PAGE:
Rep. Paul Ryan Hypocritically Blames "Misinformation" For Budget Backlash

May 02, 2011 3:31 pm ET — Matt Finkelstein

In the political world, the summer of 2009 was defined by rowdy town hall meetings with Tea Party protesters shouting down supporters of health care reform. At the time, Republican lawmakers routinely cited the disruptions, which were relentlessly hyped by conservative media outlets like Fox News, as evidence of widespread opposition to President Obama's reform efforts.  

Like most of his colleagues, Rep. Paul Ryan (R-WI) accepted the demonstrations as a legitimate reflection of public opposition to health care reform (via Nexis):

RYAN: Now, my town halls ran about nine or eight to one against the healthcare bill — and my district is, according to Charlie Cook, the most swing district in Congress. It's a district that Barack Obama won. And so what I did not see was some fringe right coming out. I saw real people spontaneously coming out to talk to their member of Congress with great concerns about the direction of all of these bills coming through Congress, but, in particular, the health care bill. [...]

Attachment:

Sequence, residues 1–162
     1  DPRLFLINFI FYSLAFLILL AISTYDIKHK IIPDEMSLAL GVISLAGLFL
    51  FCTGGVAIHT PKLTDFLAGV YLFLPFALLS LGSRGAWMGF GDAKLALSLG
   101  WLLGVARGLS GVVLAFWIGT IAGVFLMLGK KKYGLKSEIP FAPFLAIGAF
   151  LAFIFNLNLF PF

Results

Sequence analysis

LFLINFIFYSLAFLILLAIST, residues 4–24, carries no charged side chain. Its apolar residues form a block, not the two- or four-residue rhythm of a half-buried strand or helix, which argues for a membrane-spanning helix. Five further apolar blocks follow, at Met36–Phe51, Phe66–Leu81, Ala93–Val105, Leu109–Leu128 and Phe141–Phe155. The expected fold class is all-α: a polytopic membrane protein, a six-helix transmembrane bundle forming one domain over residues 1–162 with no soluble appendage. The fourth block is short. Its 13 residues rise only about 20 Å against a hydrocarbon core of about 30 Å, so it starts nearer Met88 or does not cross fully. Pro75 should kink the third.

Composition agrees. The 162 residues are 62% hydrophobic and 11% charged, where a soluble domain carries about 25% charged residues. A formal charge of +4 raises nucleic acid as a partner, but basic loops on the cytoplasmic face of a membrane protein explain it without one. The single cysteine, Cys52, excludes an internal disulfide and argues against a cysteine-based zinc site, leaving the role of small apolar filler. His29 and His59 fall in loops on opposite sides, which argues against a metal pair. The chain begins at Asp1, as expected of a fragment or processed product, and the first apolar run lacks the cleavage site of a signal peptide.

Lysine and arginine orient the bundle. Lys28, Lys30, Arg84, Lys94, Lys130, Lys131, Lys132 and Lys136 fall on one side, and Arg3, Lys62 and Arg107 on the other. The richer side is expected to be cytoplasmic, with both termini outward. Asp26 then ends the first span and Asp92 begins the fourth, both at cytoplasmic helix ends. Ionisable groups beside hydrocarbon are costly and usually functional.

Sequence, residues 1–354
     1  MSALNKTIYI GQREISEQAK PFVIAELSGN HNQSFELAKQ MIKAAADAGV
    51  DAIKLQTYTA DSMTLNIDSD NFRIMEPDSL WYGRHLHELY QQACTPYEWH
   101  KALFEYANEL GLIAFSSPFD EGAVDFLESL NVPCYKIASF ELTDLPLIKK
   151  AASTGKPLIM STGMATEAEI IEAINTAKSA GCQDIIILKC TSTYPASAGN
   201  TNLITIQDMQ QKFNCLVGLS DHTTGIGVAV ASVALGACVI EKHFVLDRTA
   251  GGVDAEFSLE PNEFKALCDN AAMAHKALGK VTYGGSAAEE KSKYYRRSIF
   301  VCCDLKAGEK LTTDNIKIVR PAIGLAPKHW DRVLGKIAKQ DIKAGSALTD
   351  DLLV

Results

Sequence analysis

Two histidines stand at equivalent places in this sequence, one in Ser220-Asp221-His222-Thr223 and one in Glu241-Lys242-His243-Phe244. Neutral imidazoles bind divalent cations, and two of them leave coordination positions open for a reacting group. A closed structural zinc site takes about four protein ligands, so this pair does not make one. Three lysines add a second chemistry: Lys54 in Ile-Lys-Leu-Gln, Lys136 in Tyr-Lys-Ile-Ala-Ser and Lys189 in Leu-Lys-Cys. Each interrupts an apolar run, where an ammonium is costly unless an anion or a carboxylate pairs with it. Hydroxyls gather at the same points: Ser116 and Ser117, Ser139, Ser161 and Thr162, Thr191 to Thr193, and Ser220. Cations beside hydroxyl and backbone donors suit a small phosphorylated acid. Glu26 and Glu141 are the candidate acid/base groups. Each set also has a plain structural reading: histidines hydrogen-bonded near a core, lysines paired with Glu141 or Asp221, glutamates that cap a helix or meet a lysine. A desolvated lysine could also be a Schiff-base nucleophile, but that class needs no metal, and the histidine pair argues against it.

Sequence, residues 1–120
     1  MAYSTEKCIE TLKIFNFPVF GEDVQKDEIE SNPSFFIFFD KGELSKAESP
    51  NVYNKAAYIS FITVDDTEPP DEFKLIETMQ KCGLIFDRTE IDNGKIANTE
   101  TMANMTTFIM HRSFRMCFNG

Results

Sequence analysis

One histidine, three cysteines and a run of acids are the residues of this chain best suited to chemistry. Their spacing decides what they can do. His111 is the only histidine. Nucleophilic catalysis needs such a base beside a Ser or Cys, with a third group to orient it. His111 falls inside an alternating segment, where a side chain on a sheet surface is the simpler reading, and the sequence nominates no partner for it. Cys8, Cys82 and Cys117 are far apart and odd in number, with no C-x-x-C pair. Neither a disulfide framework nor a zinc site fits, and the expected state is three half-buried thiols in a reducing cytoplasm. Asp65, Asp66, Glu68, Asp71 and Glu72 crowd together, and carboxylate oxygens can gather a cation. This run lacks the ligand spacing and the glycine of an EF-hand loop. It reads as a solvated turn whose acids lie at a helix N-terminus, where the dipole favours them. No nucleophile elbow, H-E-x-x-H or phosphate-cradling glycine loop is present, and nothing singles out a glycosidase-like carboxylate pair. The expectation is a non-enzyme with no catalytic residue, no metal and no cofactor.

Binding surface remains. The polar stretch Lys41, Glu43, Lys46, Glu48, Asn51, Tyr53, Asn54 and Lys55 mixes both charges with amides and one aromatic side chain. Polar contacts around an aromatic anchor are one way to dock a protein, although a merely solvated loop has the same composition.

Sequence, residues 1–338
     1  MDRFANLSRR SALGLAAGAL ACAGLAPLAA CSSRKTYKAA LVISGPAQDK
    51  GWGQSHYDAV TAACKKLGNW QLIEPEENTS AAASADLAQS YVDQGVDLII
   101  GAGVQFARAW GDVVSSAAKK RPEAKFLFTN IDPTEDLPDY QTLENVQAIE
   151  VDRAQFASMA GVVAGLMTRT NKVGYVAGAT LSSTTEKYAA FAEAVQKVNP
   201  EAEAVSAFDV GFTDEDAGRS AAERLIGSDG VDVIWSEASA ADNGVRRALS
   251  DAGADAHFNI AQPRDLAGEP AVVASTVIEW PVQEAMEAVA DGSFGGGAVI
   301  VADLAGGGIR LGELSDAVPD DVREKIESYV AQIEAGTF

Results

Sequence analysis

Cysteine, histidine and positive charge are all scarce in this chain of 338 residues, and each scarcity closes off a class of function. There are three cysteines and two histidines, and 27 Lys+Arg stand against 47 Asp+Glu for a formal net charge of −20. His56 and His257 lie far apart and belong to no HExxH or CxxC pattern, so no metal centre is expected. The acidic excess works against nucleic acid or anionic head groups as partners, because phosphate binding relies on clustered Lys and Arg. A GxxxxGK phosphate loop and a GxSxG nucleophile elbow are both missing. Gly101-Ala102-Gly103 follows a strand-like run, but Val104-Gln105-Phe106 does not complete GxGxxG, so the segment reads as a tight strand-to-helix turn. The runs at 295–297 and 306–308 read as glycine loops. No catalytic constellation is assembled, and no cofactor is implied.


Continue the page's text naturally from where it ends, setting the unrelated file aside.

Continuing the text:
People were just really concerned about the direction of this country and this health care bill in particular.

But now that Ryan's radical budget and Medicare overhaul are the subject of a similar backlash, the congressman suddenly sees things a bit differently. In an interview on ABC's This Week, Ryan dismissed the uproar as a product of the "anxiety of the times" and "misinformation." As Raw Story reports:

Outraged constituents have showed up at town hall events across the country to protest a Republican budget plan that would end Medicare as it exists today but Rep. Paul Ryan (R-WI) says it's all been a misunderstanding.

"The crowds are really getting bigger and people are getting much more anxious about where the country is headed," Ryan told ABC's Christiane Amanpour in an interview that aired Sunday.

"This is the sign of the times, I think. I think it's sign of anxiety of the times and sign of misinformation perpetrated out there."

Of course, the same could have been said in August 2009, when the economy was in much worse shape and Republicans were spreading rumors about "death panels" and other alleged evils of the health care bill. And in fact, conservatives — especially Ryan — have brought the same commitment to dishonesty to the current debate over the Republican budget. Fortunately, they just haven't been as successful at fooling people.